Chapter 15. Timestamping
15.1. Hardware Clocks
Multiprocessor systems such as NUMA or SMP have multiple instances of clock sources. The way clocks interact among themselves and the way they react to system events, such as CPU frequency scaling or entering energy economy modes, determine whether they are suitable clock sources for the realtime kernel.
During boot time the kernel discovers the available clock sources and selects one to use. The preferred clock source is the Time Stamp Counter (TSC), but if it is not available the High Precision Event Timer (HPET) is the second best option. However, not all systems have HPET clocks and some HPET clocks can be unreliable.
In the absence of TSC and HPET, other options include the ACPI Power Management Timer (ACPI_PM), the Programmable Interval Timer (PIT) and the Real Time Clock (RTC). The last two options are either costly to read or have a low resolution (time granularity), therefore they are sub-optimal for the realtime kernel.
For the list of the available clock sources in your system, view the
cat /sys/devices/system/clocksource/clocksource0/available_clocksourcetsc hpet acpi_pm
In the sample output above, the TSC, HPET and ACPI_PM clock sources are available.
The clock source currently in use can be inspected by reading the
It is possible to select a different clock source, from the list presented in the
/sys/devices/system/clocksource/clocksource0/available_clocksourcefile. To do so, write the name of the clock source into the
/sys/devices/system/clocksource/clocksource0/current_clocksourcefile. For example, the following command sets HPET as the clock source in use:
echo hpet > /sys/devices/system/clocksource/clocksource0/current_clocksource
The kernel selects the best available clock source. Overriding the selected clock source is not recommended unless the implications are well understood.
While TSC is generally the preferred clock source, some of its hardware implementations may have shortcomings. For example, some TSC clocks can stop when the system goes to an idle state, or become out of sync when their CPUs enter deeper C-states (energy saving states) or perform speed- or frequency-scaling operations.
However, you can work around some of these TSC shortcomings by configuring additional kernel boot parameters. For instance, the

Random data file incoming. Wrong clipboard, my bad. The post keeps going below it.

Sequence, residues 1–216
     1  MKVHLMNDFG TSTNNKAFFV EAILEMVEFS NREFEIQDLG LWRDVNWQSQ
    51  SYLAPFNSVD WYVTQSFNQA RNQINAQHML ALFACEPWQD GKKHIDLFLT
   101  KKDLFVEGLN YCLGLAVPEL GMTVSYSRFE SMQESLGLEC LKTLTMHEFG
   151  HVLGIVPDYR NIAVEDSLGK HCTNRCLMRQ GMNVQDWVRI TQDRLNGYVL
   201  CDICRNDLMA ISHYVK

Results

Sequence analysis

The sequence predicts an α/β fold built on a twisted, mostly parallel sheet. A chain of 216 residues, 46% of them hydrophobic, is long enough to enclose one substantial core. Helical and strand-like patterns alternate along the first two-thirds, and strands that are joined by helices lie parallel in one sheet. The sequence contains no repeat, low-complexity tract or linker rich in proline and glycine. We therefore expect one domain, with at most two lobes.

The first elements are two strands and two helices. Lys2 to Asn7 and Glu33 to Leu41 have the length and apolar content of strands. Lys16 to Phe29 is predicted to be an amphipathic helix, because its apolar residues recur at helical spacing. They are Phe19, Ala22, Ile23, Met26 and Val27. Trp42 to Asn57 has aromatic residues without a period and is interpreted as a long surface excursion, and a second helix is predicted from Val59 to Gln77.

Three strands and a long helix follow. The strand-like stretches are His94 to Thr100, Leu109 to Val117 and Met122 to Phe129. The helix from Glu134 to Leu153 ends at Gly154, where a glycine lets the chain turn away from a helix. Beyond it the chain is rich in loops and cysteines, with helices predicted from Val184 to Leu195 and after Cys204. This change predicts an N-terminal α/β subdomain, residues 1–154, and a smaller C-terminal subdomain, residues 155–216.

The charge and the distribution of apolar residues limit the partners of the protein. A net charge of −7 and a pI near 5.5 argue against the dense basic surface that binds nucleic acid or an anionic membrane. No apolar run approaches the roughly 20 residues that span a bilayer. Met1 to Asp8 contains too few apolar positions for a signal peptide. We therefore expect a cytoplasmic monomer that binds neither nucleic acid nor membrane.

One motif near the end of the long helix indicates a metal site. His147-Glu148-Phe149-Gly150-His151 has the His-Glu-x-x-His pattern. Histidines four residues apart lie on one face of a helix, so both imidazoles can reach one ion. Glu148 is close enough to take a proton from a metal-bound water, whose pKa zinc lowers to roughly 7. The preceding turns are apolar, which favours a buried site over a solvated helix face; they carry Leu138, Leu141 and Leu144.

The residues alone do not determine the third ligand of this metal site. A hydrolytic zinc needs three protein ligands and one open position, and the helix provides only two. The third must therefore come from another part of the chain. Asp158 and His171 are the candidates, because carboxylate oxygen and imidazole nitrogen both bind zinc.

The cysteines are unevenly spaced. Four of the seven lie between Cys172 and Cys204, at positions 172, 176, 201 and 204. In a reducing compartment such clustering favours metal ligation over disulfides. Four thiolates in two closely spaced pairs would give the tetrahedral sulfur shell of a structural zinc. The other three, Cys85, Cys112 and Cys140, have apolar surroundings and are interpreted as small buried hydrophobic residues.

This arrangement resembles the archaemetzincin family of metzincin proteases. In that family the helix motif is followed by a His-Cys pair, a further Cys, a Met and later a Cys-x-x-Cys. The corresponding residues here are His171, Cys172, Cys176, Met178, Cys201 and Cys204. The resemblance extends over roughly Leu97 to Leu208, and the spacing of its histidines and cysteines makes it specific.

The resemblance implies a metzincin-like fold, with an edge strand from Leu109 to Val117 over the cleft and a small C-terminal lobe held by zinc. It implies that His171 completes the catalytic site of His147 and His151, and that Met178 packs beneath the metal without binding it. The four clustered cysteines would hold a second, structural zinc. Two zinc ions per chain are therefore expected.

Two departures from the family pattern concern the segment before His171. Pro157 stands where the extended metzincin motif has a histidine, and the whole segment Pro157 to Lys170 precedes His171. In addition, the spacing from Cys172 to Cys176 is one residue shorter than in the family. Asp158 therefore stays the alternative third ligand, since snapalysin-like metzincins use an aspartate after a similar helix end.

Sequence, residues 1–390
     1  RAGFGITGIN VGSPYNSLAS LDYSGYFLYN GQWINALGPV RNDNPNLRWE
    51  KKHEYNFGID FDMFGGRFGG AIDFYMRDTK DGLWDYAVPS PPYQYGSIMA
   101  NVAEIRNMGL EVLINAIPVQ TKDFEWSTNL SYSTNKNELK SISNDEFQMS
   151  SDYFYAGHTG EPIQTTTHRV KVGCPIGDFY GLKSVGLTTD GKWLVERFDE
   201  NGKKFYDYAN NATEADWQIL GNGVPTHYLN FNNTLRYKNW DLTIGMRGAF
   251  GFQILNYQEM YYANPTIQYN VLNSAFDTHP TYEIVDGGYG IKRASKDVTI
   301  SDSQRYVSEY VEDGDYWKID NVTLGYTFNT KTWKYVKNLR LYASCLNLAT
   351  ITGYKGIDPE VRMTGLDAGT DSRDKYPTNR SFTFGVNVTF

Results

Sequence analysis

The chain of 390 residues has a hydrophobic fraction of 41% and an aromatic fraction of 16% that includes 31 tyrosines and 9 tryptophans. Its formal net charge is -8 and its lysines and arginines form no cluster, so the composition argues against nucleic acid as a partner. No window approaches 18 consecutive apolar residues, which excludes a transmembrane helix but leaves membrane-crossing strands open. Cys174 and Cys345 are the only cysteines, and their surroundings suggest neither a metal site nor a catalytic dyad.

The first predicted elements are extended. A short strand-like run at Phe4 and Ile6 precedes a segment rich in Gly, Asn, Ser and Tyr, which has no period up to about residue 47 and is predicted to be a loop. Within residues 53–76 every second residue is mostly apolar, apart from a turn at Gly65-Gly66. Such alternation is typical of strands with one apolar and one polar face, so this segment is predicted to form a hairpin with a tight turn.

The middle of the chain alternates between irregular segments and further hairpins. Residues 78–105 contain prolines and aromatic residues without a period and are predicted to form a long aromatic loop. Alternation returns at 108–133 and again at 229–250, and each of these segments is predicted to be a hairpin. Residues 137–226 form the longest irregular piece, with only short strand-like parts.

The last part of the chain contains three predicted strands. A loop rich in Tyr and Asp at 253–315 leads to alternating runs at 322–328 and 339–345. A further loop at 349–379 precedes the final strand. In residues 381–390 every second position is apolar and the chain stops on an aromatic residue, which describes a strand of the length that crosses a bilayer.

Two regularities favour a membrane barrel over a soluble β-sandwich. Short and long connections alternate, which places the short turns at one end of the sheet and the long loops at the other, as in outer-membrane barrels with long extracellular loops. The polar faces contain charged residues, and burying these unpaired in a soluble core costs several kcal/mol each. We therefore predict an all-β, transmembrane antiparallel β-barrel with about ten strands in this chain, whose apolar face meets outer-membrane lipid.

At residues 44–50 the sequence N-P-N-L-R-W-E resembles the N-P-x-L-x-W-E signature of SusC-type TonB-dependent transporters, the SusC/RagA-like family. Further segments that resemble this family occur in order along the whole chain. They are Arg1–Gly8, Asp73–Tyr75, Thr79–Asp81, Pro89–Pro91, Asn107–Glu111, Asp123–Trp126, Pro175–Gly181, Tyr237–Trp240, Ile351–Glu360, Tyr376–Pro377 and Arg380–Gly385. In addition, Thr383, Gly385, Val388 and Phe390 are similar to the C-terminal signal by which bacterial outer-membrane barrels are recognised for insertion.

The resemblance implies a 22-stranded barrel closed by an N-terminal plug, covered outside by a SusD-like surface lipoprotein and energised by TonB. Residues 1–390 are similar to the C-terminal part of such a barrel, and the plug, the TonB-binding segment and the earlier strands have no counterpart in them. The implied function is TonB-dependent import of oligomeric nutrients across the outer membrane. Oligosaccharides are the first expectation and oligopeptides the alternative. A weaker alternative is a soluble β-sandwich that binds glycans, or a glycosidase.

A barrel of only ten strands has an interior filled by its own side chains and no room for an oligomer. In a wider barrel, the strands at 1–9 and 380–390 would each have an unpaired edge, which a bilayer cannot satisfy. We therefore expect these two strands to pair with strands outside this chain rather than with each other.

idle=pollparameter forces the clock to avoid entering the idle state, and the
processor.max_cstate=1parameter prevents the clock from entering deeper C-states. Note however that in both cases there would be an increase on energy consumption, as the system would always run at top speed.
For a comprehensive list of clock sources see the Timing Measurements chapter in Understanding The Linux Kernel by Daniel P. Bovet and Marco Cesati.
15.1.1. Reading Hardware Clock Sources
Reading from the TSC means reading a register from the processor. Reading from the HPET clock means reading a memory area. Reading from the TSC is faster, which provides a significant performance advantage when timestamping hundreds of thousands of messages per second.
Using a simple program that reads the current clock source 10,000,000 times in a row, it is possible to observe the duration required to read the clock sources available:
Example 15.1. Comparing the Cost of Reading Hardware Clock Sources
In this example, the clock source currently in use is TSC, as shown by the output of the
timecommand is used to view the duration required to read the clock source 10 million times:
cat /sys/devices/system/clocksource/clocksource0/current_clocksourcetsc ~]#
time ./clock_timingreal 0m0.601s user 0m0.592s sys 0m0.002s
The clock source is changed to HPET to compare the duration required to generate 10 million timestamps:
echo hpet > /sys/devices/system/clocksource/clocksource0/current_clocksource~]#
cat /sys/devices/system/clocksource/clocksource0/current_clocksourcehpet ~]#
time ./clock_timingreal 0m12.263s user 0m12.197s sys 0m0.001s
The steps are repeated with the ACPI_PM clock source:
echo acpi_pm > /sys/devices/system/clocksource/clocksource0/current_clocksource~]#
cat /sys/devices/system/clocksource/clocksource0/current_clocksourceacpi_pm ~]#
time ./clock_timingreal 0m24.461s user 0m0.504s sys 0m23.776s
time(1)man page provides detailed information on how to use the command and interpret its output. The example above uses the following categories:
real: The total time spent beginning from program invocation until the process ends.
systimes, and will usually be larger than the sum of the latter two. If this process is interrupted by an application with higher priority, or by a system event such as a hardware interrupt (IRQ), this time spent waiting is also computed under
user: The time the process spent in user space, performing tasks that did not require kernel intervention.
sys: The time spent by the kernel while performing tasks required by the user process. These tasks include opening files, reading and writing to files or I/O ports, memory allocation, thread creation and network related activities.
As seen from the results of Example 15.1, “Comparing the Cost of Reading Hardware Clock Sources”, the efficiency of generating timestamps, in descending order, is: TSC, HPET, ACPI_PM. This is because of the increased overhead to access time values from the HPET and ACPI_PM timers.